1. Computers
  2. Display Drivers
  3. Graphics Cards
  4. Memory
  5. Motherboards
  6. Processors
  7. Software
  8. Storage
  9. Operating Systems


Facebook RSS Twitter Twitter Google Plus


Phoronix Test Suite

OpenBenchmarking.org

OpenSUSE 11.3 Netbook Benchmarks

Michael Larabel

Published on 16 July 2010
Written by Michael Larabel
Page 1 of 4 - 9 Comments

Following yesterday's release of openSUSE 11.3 we tested this updated Linux operating system that's sponsored by Novell on an Intel Atom netbook and compared the performance to that of Ubuntu 10.04 LTS and Fedora 13. Here are the results.

The netbook being used for the testing of these three desktop Linux distributions from clean installations was the Samsung NC10 with its Intel Atom N270 CPU, 2GB of system memory, Intel 945 integrated graphics, a 32GB OCZ Core Series SSD, and a 1024 x 600 display panel. OpenSUSE 11.3 was run with its stock Linux 2.6.34-12-default i686 kernel, GNOME 2.30.0 desktop, X.Org Server 1.8.0, xf86-video-intel 2.12.0, Mesa 7.8.2, GCC 4.5, and an EXT4 file-system. Again, Ubuntu 10.04 LTS ships with the Linux 2.6.32 kernel, GNOME 2.30.0, X.Org Server 1.7.6, xf86-video-intel 2.9.1, Mesa 7.7.1, GCC 4.4.3, and an EXT4 file-system. Lastly, Fedora 13 has the Linux 2.6.33 kernel, GNOME 2.30.0 desktop, X.Org Server 1.8.0, xf86-video-intel 2.11.0, Mesa 7.8.1, GCC 4.4.4, and also an EXT4 file-system by default. A variety of tests were run via the Phoronix Test Suite and its netbook suite.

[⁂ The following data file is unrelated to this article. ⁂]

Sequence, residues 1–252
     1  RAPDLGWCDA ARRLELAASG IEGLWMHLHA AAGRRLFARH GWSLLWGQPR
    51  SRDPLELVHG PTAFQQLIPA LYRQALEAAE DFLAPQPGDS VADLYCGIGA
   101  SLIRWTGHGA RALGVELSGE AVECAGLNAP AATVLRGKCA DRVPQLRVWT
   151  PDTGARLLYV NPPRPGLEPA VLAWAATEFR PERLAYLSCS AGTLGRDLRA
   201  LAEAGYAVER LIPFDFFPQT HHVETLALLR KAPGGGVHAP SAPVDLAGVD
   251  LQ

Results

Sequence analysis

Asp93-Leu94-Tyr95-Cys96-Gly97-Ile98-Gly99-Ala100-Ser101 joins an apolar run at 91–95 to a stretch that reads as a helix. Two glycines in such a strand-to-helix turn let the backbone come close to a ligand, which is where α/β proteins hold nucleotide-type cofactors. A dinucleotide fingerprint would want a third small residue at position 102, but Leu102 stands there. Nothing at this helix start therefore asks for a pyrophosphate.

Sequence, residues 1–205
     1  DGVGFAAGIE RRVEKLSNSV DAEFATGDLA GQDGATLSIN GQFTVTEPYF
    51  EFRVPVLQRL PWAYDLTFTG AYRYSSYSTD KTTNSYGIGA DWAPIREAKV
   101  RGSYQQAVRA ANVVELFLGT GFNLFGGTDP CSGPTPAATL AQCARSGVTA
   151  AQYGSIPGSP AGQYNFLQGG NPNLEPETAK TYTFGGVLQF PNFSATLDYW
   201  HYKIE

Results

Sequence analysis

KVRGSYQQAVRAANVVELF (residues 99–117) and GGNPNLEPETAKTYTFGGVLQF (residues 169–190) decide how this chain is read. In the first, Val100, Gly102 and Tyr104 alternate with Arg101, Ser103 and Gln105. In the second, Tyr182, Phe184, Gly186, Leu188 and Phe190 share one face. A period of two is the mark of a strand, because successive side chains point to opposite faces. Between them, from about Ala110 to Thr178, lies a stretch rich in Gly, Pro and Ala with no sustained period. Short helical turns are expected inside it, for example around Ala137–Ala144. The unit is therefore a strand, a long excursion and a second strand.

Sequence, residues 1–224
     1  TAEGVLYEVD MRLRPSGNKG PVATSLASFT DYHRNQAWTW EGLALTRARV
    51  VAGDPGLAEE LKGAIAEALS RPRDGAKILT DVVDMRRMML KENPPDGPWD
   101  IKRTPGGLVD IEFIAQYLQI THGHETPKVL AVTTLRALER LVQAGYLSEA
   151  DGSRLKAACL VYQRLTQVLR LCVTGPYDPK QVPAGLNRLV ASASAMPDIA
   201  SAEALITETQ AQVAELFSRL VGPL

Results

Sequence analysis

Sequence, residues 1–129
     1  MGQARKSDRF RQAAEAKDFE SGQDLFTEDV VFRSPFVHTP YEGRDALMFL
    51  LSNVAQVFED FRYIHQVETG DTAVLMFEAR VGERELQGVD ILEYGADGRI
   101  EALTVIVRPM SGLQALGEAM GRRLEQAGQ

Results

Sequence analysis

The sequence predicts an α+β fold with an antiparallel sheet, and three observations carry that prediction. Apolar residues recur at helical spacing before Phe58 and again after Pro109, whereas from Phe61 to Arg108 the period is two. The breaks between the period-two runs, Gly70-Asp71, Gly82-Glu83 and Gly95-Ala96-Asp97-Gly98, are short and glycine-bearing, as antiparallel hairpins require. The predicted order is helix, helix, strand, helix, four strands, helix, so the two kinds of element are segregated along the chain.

Starting right away with Tremulous, openSUSE 11.3 was faster than Ubuntu and Fedora. In fact, openSUSE 11.3 was 30% faster than Ubuntu 10.04 LTS! However, openSUSE 11.3 has the most recent Mesa 7.8.2 stable release where as Ubuntu's Lucid Lynx had shipped with the older Mesa 7.7 series so it does not have the most recent Mesa Intel DRI driver. Fedora 13, which has a graphics stack closer to openSUSE 11.3, performed more closely.

The LAME MP3 encoding performance was not in favor of openSUSE 11.3, but it was faster with Ubuntu 10.04 and Fedora 13. This may be due to a GCC 4.5 regression.

The x264 video encoding performance was close between the three tested Linux operating systems on the netbook.

<< Previous Page
1
Latest Linux Hardware Reviews
  1. Overclocking The AMD AM1 Athlon & Sempron APUs
  2. AMD Athlon 5350 / 5150 & Sempron 3850 / 2650
  3. Upgraded Kernel & Mesa Yield A Big Boost For Athlon R3 Graphics
  4. AMD Athlon 5350 APU On Linux
Latest Linux Articles
  1. A Quick Look At GCC 4.9 vs. LLVM Clang 3.5
  2. Are AMD Athlon/Sempron APUs Fast Enough For Steam On Linux?
  3. AMD Athlon's R3 Graphics: RadeonSI Gallium3D vs. Catalyst
  4. GCC 4.9 Compiler Optimization Benchmarks For Faster Binaries
Latest Linux News
  1. Maynard: A Lightweight Wayland Desktop
  2. Chromium Browser Going Through Growing Pains In Ubuntu 14.04
  3. KDE 4.13 Is Being Released Today With New Features
  4. Trying Out Radeon R9 290 Graphics On Open-Source
  5. Intel Broadwell GT3 Graphics Have Dual BSD Rings
  6. Early Linux 3.15 Benchmarks Of Intel Core i7 + Radeon
  7. Red Hat Releases Its RHEL 7 Release Candidate
  8. New Features Coming To Xubuntu 14.04 LTS
  9. NVIDIA Officially Releases CUDA 6
  10. Google Releases An AutoFDO Converter For Perf In LLVM
  11. Fedora 21 To Evaluate Remote Journal Logging, 64-bit ARM Emulation
  12. Star Citizen Will Be Coming To Linux
Latest Forum Discussions
  1. The GNOME Foundation Is Running Short On Money
  2. Linux Kernel Developers Fed Up With Ridiculous Bugs In Systemd
  3. Bye bye BSD, Hello Linux: A Sys Admin's Story
  4. New tool for undervolt/overclock AMD K8L and K10 processors
  5. How to enable opengl 3.3 on r9 270?
  6. R290x sound problems
  7. radeon-profile: tool for changing profiles and monitoring some GPU parameters
  8. Torvalds Is Unconvinced By LTO'ing A Linux Kernel